A final reflection

If I’ve learned anything from my two months in Finland, it’s that self-reflection is essential for good teaching. For some this comes naturally, for others it means setting aside time every day to slow down and look back on what’s happened. Given our endless checklists and busy schedules, the idea of taking an hour to sit and think might seem crazy to many. But this needs to be a priority in order to make any use of the resources, intelligence, and abilities we have.

So here’s mine.

What did I learn on this journey in Helsinki?

Personally:

- Patience and silence will help me to locate and be confident in my inner-voice

- Being alone isn’t necessary to find solitude, and comfort in that solitude (I like to say the Finns live ‘in solitude amongst each other’)

- My capabilities exceed my expectations

Professionally:

- Putting trust in students ends with fantastic results, more often than not

- Student-led learning is more efficient, more productive, and more creative than teacher-led

- Student choice is a useful tool for inspiring as well as classroom management

- Each individual student is a unique learner, something that must be taken into account in order to understand whether he/she has actually learned

- Projects work better than lecturing, but they need to be well structured — and I need to find better ways to hold students accountable for their work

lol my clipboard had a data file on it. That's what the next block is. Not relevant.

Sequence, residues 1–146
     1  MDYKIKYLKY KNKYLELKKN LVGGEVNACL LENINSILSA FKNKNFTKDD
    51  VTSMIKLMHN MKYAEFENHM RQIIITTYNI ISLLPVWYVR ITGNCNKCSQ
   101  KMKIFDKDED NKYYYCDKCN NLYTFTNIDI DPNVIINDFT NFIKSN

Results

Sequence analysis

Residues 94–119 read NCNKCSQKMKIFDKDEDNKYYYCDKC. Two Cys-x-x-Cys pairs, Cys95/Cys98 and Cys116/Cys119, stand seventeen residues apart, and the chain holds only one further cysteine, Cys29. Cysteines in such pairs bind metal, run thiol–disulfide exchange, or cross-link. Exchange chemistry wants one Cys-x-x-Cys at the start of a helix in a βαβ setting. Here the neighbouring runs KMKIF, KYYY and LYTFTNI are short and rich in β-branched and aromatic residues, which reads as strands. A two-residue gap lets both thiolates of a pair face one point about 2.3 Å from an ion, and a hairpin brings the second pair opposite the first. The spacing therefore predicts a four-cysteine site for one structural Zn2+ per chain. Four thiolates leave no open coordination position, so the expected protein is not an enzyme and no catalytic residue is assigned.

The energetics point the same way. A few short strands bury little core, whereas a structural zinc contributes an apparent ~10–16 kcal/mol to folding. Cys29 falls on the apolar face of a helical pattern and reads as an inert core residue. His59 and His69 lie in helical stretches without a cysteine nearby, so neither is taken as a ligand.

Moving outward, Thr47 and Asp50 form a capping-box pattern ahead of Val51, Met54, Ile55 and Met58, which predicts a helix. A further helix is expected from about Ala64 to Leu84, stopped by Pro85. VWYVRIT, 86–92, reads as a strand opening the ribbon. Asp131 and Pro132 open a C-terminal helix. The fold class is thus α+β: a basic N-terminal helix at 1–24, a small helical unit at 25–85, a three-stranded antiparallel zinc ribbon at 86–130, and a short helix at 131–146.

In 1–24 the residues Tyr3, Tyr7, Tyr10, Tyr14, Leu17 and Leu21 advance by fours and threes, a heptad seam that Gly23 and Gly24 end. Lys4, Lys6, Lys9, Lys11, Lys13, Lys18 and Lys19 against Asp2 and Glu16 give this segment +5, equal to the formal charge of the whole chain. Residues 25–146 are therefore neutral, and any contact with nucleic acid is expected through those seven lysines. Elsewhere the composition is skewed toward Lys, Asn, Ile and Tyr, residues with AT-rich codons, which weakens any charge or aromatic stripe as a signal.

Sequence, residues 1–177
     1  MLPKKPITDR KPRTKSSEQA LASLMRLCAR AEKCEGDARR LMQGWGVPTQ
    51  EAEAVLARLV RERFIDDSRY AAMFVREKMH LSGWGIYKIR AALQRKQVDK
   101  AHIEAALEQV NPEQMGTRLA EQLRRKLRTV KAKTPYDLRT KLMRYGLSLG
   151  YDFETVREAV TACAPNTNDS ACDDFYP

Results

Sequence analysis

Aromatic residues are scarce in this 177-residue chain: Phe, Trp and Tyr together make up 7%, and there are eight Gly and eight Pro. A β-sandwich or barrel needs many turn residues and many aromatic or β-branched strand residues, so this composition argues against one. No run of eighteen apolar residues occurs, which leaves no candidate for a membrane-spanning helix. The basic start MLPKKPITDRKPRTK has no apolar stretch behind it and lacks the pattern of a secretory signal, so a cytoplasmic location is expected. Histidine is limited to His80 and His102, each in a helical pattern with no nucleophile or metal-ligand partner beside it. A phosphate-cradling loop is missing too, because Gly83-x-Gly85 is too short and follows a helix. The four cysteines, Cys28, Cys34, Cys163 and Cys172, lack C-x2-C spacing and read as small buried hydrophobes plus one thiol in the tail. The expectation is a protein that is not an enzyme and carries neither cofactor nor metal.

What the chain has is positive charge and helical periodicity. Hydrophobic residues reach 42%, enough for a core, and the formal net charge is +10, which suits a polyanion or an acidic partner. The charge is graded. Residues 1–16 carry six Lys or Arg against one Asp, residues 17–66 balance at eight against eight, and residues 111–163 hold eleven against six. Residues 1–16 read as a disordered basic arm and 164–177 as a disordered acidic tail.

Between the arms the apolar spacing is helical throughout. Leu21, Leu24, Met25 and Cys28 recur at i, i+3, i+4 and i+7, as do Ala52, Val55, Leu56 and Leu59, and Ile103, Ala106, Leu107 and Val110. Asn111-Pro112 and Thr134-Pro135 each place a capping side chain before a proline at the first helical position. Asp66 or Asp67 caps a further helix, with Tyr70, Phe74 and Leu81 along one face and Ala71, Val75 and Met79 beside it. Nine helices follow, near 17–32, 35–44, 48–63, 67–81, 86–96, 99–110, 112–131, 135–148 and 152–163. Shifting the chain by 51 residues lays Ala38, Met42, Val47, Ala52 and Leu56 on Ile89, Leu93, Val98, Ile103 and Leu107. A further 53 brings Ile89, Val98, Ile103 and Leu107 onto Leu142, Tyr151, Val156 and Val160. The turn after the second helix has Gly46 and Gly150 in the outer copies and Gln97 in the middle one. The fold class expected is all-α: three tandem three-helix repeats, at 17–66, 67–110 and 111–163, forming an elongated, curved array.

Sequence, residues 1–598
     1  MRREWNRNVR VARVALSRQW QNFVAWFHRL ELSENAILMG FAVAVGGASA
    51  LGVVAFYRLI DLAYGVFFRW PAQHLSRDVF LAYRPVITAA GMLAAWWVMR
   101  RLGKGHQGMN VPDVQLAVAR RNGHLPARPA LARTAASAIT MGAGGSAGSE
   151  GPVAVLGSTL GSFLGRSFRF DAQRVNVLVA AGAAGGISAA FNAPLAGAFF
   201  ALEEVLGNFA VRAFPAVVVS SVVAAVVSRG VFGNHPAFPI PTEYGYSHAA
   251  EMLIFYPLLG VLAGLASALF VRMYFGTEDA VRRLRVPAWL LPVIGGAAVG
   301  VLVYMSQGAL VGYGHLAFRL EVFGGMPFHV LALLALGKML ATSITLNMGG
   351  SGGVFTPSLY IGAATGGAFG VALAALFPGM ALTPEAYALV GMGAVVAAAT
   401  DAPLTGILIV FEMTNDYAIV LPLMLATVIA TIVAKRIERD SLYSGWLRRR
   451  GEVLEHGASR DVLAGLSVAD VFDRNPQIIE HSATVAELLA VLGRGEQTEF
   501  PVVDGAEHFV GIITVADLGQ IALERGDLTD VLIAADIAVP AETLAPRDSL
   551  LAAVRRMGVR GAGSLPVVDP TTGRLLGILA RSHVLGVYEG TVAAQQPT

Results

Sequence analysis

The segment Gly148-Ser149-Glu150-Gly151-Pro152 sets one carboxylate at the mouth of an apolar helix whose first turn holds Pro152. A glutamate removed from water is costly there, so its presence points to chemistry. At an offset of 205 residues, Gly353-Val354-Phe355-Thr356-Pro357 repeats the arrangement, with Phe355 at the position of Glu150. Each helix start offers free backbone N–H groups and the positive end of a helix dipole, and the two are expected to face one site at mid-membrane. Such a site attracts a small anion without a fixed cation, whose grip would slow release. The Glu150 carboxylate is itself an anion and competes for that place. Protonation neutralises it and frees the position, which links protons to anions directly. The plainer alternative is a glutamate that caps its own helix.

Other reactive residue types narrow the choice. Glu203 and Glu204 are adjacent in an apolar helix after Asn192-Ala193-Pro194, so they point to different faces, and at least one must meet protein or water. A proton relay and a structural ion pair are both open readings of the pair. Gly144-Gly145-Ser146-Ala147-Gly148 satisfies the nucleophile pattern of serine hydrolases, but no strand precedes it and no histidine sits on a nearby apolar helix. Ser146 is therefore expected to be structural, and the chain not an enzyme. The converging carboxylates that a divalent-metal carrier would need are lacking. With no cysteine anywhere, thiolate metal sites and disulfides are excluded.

→ Will these projects work as well with 15 & 16 year-olds in New Jersey as they’ve worked with younger students in Espoo?

→ Will a relaxed student-teacher relationship work as well with 15 & 16 year-olds in New Jersey as they’ve worked with younger students in Espoo?

→ Will these projects inspire less motivative learners? Or will they serve as an excuse for those students to avoid work altogether? Especially if I have to build a less-amiable and more professional relationship between myself and the students?

What understandings do I take back to the US?

- The need for a more concise curriculum

- Fostering student independence is a cornerstone of a successful school

- Differentiating learning for auditory, visual and kinesthetic learners is easy and necessary

- Younger (primary and middle school) students don’t need to be inundated with academic work on a daily basis. Other intelligences should be fostered from an early age, along with the skill sets found in the curriculum of the core subjects.

- Place your trust in the students, and they will surprise you. Don’t be afraid to let them take control of their own learning.

I’m not going to end with a sappy Whitney Houston quote — that wouldn’t be very Finnish of me.

That’s all for now.

Kiitos Suomi!

Like what you read? Give Connor Keating a round of applause.

From a quick cheer to a standing ovation, clap to show how much you enjoyed this story.